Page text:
From 1990 to 2010, RA was most explicitly practiced within the permaculture community. Influenced by Carol Sanford and the design and development work of Regenesis,[31] the ecological systems approach of permaculture led regenerative agriculture to incorporate whole farm design, multi-story agroforestry and rotational livestock integration.[32]

Author and restorative development consultant Storm Cunningham (b. 1951) documented the rise of what he then called "restorative agriculture" in his first book, The Restoration Economy. He defined it as a technique that rebuilds the quantity and quality of topsoil while restoring local biodiversity (especially native pollinators) and watershed functionality. Carbon sequestration has more recently been added to that definition, to help achieve climate restoration. Restorative agriculture was one of the eight sectors of restorative development industries / disciplines in The Restoration Economy's taxonomy. The other seven were watershed restoration, ecological restoration, fisheries restoration, brownfields remediation, heritage restoration, infrastructure renewal and catastrophe reconstruction. [33]

2010s onward[edit]

Sheep grower, historian, regenerative agriculture consultant and advocate Charles Massy published Call of the Reed Warbler: a new agriculture - a new earth, based on his PhD studies.[34] The book frames regenerative agriculture as a savior for the earth using case studies.[35]

Darren J. Doherty (1967-) founded Regrarians Ltd. in 2013, a non-profit promoting RA.[36] His Regrarians Platform extends Yeomans’ 'Keyline Scale of Permanence', layering social and economic lenses on top of the original agricultural ones.[37] They include climate, geography, water, access, forestry, buildings, fencing, soils, economy and energy.

John Ikerd advocates for the "small" family farm and farmers and for sustainability in the US food system.[38] Ikerd is author of The essentials of economic sustainability,[39] Small Farms are Real Farms: Sustaining People through Agriculture[40] and Sustainable Capitalism (2005).[41]

Vermont farmer and farm consultant Abe Collins created LandStream to monitor ecosystem performance in RA farms.[42]

Mark Shepard founded New Forest Farms in Viola, Wisconsin and Forest Agriculture Enterprises and wrote Restoration Agriculture: Real World Permaculture for Farmers. He demonstrated how to grow more calories per acre than corn and soy without inputs. He does this through a mix of RA practices, balancing nut crops, livestock and keyline.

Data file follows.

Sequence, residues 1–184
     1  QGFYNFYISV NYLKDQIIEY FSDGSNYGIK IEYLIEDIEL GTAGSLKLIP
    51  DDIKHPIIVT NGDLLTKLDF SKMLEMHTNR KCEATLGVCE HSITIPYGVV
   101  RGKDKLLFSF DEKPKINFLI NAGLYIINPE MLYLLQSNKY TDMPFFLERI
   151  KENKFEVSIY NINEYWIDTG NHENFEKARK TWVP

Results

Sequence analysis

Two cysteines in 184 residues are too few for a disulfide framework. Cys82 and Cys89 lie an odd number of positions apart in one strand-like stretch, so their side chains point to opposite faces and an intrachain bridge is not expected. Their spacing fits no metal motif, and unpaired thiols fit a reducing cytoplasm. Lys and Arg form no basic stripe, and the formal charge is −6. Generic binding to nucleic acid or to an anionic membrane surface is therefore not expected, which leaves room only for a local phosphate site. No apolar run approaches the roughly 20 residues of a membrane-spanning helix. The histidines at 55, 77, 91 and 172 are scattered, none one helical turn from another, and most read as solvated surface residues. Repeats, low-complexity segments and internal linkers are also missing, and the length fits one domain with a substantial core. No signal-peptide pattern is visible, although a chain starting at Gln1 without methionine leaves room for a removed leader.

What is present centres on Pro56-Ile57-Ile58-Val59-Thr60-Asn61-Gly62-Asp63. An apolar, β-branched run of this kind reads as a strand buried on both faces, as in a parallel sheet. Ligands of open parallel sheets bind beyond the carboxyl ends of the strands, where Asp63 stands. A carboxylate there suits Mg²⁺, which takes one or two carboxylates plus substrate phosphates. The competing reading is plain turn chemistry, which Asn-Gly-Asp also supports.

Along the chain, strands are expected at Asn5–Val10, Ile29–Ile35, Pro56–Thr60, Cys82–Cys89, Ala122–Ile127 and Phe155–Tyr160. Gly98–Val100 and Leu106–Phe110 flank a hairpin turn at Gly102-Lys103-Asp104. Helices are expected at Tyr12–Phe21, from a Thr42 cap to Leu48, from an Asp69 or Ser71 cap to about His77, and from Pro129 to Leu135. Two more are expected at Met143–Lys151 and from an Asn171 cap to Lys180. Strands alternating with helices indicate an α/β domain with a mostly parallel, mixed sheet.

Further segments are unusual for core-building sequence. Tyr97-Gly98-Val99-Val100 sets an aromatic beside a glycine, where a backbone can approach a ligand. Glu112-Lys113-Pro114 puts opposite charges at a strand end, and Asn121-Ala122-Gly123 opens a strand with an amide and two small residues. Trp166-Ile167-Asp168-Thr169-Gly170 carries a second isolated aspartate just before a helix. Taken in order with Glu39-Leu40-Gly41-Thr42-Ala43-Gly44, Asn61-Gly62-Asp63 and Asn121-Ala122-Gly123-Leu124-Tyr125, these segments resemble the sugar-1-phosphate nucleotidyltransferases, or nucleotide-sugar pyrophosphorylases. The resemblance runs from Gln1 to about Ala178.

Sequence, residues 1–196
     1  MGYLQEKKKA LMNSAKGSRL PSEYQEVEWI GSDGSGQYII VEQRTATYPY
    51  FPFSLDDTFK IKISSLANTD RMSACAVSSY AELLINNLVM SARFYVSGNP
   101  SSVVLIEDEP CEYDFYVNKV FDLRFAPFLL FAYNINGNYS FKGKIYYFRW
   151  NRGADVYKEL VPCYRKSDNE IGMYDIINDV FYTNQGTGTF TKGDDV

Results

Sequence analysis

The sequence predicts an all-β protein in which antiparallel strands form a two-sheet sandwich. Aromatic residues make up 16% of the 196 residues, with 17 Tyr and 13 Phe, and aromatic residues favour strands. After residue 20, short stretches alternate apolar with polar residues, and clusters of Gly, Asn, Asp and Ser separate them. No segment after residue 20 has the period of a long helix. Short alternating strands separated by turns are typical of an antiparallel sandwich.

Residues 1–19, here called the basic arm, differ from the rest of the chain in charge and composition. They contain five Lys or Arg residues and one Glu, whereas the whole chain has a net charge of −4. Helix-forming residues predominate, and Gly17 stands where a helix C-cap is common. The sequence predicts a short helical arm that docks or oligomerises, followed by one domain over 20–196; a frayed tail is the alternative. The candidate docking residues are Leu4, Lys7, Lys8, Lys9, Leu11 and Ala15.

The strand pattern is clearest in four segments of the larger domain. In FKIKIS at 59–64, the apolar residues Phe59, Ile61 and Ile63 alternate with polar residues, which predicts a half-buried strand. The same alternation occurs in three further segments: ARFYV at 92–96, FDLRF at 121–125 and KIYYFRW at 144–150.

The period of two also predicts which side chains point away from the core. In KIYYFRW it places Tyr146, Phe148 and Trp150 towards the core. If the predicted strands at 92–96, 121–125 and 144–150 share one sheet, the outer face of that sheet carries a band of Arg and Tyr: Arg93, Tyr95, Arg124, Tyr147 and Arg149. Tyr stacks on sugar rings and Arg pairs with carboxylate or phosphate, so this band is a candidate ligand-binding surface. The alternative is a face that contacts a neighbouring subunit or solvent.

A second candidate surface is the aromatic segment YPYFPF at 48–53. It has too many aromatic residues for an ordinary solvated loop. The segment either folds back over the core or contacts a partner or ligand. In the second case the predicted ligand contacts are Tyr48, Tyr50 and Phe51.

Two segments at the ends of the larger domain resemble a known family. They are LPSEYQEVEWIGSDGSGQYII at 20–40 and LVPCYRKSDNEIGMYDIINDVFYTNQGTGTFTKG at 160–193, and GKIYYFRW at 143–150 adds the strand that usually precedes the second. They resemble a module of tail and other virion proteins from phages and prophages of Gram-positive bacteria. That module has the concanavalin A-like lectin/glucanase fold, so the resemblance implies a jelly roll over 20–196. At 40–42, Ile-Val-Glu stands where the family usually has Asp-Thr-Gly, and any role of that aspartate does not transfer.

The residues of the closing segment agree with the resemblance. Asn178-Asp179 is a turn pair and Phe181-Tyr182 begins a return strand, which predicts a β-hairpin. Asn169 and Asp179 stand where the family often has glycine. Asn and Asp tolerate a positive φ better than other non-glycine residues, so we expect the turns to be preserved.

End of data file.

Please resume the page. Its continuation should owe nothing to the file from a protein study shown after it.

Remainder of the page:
Ethan Roland Soloviev and Gregory Landua, cofounded Terra Genesis International (a regenerative agriculture and supply company), published Levels of Regenerative Agriculture (2016). In this paper, they describe a four-fold framework consisting of:

  • Functional Regenerative Agriculture: "humans can do good through their agricultural production"
  • Integrative Regenerative Agriculture: "grow the health and vitality of the whole ecosystem"
  • Systemic Regenerative Agriculture: "farms are woven into an ecosystem of enterprises operating in their bioregion"
  • Evolutionary Regenerative Agriculture: "harmonize with the potential of a place," and "develop a diversity of global and local regenerative producer webs"

Permaculture designer and researcher Eric Toensmeier[43] wrote The Carbon Farming Solution: A Global Toolkit of Perennial Crops and Regenerative Agriculture Practices for Climate Change Mitigation and Food Security (2016).[44] Toensmeier claimed that regenerative practices hold the potential to sequester massive amounts of CO
into the soil, all while providing adaptive and resilient solutions given a changing climate.[45]

Principles and practices[edit]

Regenerative agriculture is guided by a set of principles and practices.[5]


Principles include:[3][5][46]

  • Increase soil fertility
  • Work with wholes, not parts
  • Progressively improve whole agro-ecosystems (soil, water and biodiversity)
  • Connect the farm to its larger agroecosystem and bioregion
  • Create context-specific designs and make holistic decisions that express the essence of each farm
  • Express the essence of each person, farm and place
  • Make holistic decisions aimed at specific systems change
  • Ensure and develop just and reciprocal relationships among all stakeholders
  • Design for non-linear, multi-capital reciprocity
  • Continually grow and evolve individuals, farms and communities to express their potential
  • Continually evolve agro-ecological processes and cultures
  • Agriculture shifts the world


Practices include:[5][3][47]

See also[edit]


  1. ^ "Our Sustainable Future - Regenerative Ag Description". Retrieved 2017-03-09.
  2. ^ Underground, The Carbon; Initiative, Regenerative Agriculture; CSU (2017-02-24). "What is Regenerative Agriculture?". Regeneration International. Retrieved 2017-03-09.
  3. ^ a b c d e f g h i j k l m "Regenerative Agriculture". Retrieved 2017-03-07.
  4. ^ "Regenerative Agriculture | Regenerative Agriculture Foundation". Retrieved 2017-03-09.